Yak Check (5.10a)
June 12-13, 2009
I've wanted to climb Yak Peak since I first saw a picture of it in Alpine Select years ago. Yak Peak is an enormous granite exfoliated dome located just off the Coquihalla Highway east of Hope in British Columbia, Canada. I finally got the chance to climb it with my friend Andy King and although we ended up retreating 2 pitches from the top due to thunderstorms, we had a great time on this magnificent massif!
For some reason we drove up early Thursday morning. We crossed the border at Sumas with no problems and were soon converting km to miles and learning why there were so many signs along side the highway cautioning drivers to not drive drunk and to slow down. Not 15 miles on east highway 1, we came upon two crushed vehicles. Even with this vivid example of the result of too much speed and too little attention, drivers were back to speeding and weaving in and out of traffic again. Canada is a big country but you folks are paying WAY too much for gas and British Columbia is way too beautiful to race past it. Anyway, we camped out in the slow lane (still doing 5 over the Maximum Limit) and enjoyed the scenery. We stopped in Hope to pick up some groceries while keeping an eye peeled for the JJ Rambo museum.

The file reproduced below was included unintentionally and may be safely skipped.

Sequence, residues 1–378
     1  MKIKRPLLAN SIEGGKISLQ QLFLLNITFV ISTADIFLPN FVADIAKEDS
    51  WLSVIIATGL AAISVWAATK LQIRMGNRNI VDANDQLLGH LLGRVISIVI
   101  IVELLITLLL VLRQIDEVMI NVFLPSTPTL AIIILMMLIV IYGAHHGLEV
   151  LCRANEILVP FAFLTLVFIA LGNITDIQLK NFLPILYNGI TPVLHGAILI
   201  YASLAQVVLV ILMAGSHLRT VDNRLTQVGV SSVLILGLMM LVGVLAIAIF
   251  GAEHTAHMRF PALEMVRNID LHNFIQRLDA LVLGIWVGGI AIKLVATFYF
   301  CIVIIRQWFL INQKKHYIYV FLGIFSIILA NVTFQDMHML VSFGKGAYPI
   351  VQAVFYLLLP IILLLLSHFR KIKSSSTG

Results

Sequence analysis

Stocked up with hot dogs, buns, 6 pack of Canadian lager, ice, chili, chips, bagels, cream cheese, and candy bars we made one last stop at McDonalds to pick up some mustard and ketchup. Once we had everything we continued up the Coquihalla Highway towards our destination. We both exclaimed aloud as we rounded a corner and had a full view of our objective! WOW! Yak Peak represents well in print, but it's nothing compared to the real thing. We pulled over at an exit and got out the binoculars and examined our route. Near the top I spotted two climbers and we watched their quick progress up the last three pitches of Reality Crack.
The Alpine Select guidebook said there was camping across the highway from the rest stop near a gravel field. So while the two were climbing we drove around looking for a camp site. We didn't find a campground but we did find an access road on the south side of the highway just across from the rest stop and found some grassy spots that would do.
Having secured a spot to camp we continued down the highway and looped back to locate the trailhead. We pulled off the highway onto what looked like a forest service road but it dead ended in a clearing in the forest where there was a building for snow recording and analysis. We got out and walked around looking for the trailhead. While standing on a short embankment near the edge of a stream, a large boulder that Andy was standing on suddenly gave way and sent him falling. I heard a large crash and ran over to where I saw him last. Andy quickly scrambled back up but was wet from where the boulder had pushed him into the stream. Fortunately it had slowed down a bit before the bottom, but Andy's ribs were pretty bruised.